‘Blindsided’: Black Nova Scotians say their community was left out of new restorative process

More Black Nova Scotians have come forward to voice their dissatisfaction with how the province apologized for systemic racism in the justice system.

Members of the Indigenous and Black communities in Nova Scotia have faced racism for centuries, with various reports — from the Marshall Report in 1989 to the Wortley Report in 2019 — confirming what minorities have been saying for years – that they are disproportionately mistreated by the justice system.

Some Black Nova Scotians say they are left with a bitter feeling after Nova Scotia Premier Stephen McNeil acknowledged and apologized for historic mistreatment on Tuesday.

“I want you to know I hear you, I see you, I believe you and I’m sorry,” McNeil said at a small by-invite-only event on Tuesday.

It’s the secrecy and the sense that the community was not consulted that have left some members of the Black community feeling slighted by the government’s abrupt announcement.

“We want transparency and we do not want you throwing something at the wall and hoping it sticks,” said community organizer Steve Benton on Tuesday.

Despite the concerns, many agree it’s an apology that has been a long time coming.

After the release of the Wortley Report, which found that Blacks are nearly six times more likely to be stopped by police than whites, the provincial government committed to an apology.

However, they never set a date or place, only saying on numerous occasions they were looking for an appropriate time and venue, and that the apology would be made directly to the community, something that didn’t end up happening.

Robert Wright is a Social Worker and advocate for the African Nova Scotian Community. He says that while he felt the Premier’s apology was sincere, he is not impressed with the action that was promised.

“Completely blindsided, I had no idea it was coming,” Wright said on Wednesday.

Following the apology, the Premier announced a design team committed to a restorative process to transform the approach to public safety in the province.

The team is expected to determine what is required to support the fundamental changes needed across systems and structures to secure safety and justice for all Nova Scotians.

“Whatever this process is, the design process, it really hasn’t been engaged with any kind of broad consultation with the African Nova Scotian community,” said Wright.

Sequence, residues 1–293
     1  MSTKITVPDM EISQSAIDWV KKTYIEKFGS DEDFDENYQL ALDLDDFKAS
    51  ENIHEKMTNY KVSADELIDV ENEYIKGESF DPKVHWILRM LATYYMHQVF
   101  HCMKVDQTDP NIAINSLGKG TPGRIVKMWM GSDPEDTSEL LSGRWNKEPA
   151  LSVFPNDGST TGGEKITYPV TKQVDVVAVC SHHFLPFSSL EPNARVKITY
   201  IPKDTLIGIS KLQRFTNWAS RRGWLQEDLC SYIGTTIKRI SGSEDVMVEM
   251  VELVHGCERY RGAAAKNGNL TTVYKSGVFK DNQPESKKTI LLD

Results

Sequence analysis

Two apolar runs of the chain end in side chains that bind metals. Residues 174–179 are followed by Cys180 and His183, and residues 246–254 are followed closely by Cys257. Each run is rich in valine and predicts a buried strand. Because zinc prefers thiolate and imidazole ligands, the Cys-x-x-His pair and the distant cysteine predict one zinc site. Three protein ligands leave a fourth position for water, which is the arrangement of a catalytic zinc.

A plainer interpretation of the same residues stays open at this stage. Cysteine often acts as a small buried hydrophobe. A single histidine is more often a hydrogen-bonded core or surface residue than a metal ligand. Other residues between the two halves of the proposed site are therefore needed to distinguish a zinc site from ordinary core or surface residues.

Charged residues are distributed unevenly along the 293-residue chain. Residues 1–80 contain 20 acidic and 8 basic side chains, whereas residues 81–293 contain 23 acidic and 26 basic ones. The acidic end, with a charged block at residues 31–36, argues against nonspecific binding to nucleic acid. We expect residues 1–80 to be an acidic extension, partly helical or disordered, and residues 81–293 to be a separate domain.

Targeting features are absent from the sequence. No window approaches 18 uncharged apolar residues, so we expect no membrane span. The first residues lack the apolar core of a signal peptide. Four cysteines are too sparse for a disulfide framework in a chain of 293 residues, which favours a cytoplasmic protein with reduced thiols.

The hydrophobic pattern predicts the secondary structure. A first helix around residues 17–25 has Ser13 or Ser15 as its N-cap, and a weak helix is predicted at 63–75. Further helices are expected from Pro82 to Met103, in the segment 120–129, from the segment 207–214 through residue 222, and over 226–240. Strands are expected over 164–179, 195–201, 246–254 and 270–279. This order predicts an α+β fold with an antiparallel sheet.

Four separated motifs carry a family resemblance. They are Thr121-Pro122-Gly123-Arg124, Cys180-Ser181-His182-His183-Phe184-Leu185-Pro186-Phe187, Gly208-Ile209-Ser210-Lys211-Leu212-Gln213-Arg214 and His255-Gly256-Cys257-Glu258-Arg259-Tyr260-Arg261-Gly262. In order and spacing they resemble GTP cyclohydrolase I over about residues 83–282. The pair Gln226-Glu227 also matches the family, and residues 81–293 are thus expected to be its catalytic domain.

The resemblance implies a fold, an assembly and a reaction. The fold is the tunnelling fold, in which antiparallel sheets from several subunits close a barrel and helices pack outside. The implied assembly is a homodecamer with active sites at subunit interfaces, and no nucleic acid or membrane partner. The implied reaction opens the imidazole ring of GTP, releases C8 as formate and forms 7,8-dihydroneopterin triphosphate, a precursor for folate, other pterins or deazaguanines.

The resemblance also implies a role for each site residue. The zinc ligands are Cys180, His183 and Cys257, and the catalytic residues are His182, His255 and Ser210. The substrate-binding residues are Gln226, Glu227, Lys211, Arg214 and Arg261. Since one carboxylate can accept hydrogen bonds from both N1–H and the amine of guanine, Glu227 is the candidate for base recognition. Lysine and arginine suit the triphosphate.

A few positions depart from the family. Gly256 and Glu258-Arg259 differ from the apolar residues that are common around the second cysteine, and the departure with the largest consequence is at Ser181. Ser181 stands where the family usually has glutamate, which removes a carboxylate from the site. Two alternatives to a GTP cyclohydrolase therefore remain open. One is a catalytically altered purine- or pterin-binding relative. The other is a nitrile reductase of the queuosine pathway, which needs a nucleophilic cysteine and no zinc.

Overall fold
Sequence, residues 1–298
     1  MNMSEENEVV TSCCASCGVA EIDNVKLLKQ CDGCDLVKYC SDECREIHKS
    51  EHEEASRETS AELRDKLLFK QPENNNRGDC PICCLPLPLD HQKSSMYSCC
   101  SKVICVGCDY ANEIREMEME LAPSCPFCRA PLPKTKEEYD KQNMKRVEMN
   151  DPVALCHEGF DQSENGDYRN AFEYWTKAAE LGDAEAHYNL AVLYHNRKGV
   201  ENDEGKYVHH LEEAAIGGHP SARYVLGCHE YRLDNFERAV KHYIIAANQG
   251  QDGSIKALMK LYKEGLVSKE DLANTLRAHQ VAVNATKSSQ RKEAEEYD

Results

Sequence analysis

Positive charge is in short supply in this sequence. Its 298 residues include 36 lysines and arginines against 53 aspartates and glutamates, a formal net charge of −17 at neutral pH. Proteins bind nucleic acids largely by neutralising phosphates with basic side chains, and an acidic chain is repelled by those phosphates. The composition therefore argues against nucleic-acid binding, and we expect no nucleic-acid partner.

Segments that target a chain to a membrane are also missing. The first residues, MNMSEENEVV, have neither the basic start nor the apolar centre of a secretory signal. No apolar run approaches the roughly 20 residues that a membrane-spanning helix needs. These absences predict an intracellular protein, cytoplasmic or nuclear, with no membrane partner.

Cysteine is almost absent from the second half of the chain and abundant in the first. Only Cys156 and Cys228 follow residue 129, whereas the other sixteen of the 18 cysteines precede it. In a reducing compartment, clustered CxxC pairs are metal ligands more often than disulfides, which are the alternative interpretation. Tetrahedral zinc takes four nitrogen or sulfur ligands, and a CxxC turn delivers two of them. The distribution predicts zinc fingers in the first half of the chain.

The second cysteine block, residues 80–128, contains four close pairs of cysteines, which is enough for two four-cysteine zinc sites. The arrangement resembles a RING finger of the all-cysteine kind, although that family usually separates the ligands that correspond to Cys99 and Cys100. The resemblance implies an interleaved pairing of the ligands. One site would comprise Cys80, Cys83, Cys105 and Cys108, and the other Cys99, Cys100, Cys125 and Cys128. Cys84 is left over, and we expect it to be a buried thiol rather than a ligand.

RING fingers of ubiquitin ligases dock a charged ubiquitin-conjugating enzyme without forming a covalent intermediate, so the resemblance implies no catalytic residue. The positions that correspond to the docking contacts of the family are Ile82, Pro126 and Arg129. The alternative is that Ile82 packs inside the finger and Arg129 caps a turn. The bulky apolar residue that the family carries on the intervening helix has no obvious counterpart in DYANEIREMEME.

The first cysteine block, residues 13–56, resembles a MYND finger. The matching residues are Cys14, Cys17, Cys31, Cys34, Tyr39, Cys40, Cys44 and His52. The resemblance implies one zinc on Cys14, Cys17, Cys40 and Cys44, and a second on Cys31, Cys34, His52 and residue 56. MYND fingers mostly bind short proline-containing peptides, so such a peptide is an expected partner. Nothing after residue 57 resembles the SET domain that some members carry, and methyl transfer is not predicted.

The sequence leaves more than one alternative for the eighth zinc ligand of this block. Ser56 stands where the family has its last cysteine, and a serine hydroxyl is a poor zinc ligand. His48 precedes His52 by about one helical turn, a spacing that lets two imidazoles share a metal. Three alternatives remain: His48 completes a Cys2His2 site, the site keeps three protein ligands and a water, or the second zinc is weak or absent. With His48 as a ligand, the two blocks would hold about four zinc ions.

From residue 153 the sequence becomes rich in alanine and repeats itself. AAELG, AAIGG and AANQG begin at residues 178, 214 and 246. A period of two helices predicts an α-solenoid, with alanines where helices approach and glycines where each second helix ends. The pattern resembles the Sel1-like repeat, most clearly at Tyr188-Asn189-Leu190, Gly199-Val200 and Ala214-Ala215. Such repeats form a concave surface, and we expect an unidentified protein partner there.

The province did not respond to requests about its engagement ahead of the apology delivered on Monday.

The Province’s Department of Justice “respectfully” declined an on-camera interview request from Global News on Tuesday, directing media to McNeil’s apology.

For years the African Nova Scotian community called for an end to street checks, but despite the community constantly raising the issue, it took multiple reports and an assessment from the Nova Scotia Human Rights Commission for police to finally enact a policy ending the practice.

“A policy they implemented without consulting the Black community, a policy that we still believe creates conditions such that police interactions with members of the public is illegal and violates our human and civil rights,” said Wright.

Following the release of the Wortley Report, the African Nova Scotian Decade for People of African Descent Coalition, which Wright is a part of, called for the need of an African Nova Scotian Justice Institute and African Nova scotia Policing Strategy.

“Strategies and initiatives that would center Black community organizations, and center Black Voices and Center Black leadership,” said Wright. “Not a government established process that would selectively include Black folk.”

Despite the Coalition having ongoing discussions with government for the past several years, Wright says they were in no way consulted or included in this latest government initiative.

“The fact that we weren’t consulted at all suggests there was a concerted and planned effort for us not to be involved.”

“They know what our position is and so they have started this process clearly rejecting our leadership and those issues that we have already clearly articulated and put on the table,” Wright said.

Wright and the Coalition were not the only ones left out of the discussion. Activist Quentrel Provo says he too was caught off-guard by the announcement and says he is unsure of how the government chose members to be part of the new detail team.

But Provo says he is remaining optimistic that this new team can accomplish something moving forward. He says it’s imperative that they listen to community voices to be effective, and while he knows it will take years to enact change, he hopes that they will be able to revamp a system that is not working.

“I would like to see the system change, right from the bottom up,” he said. “From how they view us Black people in the system, the Indigenous community as well. I just want that we be treated equally, that we have a fair share just like any other race, but the system has to be changed from the bottom up.”

The restorative process is also aimed at repairing relations with the Indigenous community which has also been targeted by systemic racism over the years.

Historian and Mi’kmaq Elder Daniel Paul says the apology has been a long time coming, but to address systemic racism it has to go beyond the justice system.

“I think it should be mandatory to teach Mi’kmaq history and Black history in our education system, that’s where you make the biggest changes — through Education.”

But regardless of the approach forward, Paul says real change is going to take time.

“Doesn’t matter who apologizes for anything, you’re not going to wake up tomorrow and find big change, it’s going to take years to get done.”

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